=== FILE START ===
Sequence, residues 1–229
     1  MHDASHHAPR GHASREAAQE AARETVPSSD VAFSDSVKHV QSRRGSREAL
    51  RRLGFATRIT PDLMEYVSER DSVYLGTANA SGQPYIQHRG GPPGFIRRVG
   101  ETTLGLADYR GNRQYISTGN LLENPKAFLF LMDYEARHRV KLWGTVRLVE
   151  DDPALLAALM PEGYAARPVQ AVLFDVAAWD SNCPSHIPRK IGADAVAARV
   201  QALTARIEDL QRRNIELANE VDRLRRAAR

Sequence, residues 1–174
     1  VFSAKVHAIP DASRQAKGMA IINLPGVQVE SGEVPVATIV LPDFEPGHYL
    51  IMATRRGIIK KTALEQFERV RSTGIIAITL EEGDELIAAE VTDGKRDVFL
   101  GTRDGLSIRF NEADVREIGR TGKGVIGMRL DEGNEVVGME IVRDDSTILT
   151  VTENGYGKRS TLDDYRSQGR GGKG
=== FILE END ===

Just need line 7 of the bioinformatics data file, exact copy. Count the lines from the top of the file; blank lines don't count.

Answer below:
Sequence, residues 1–174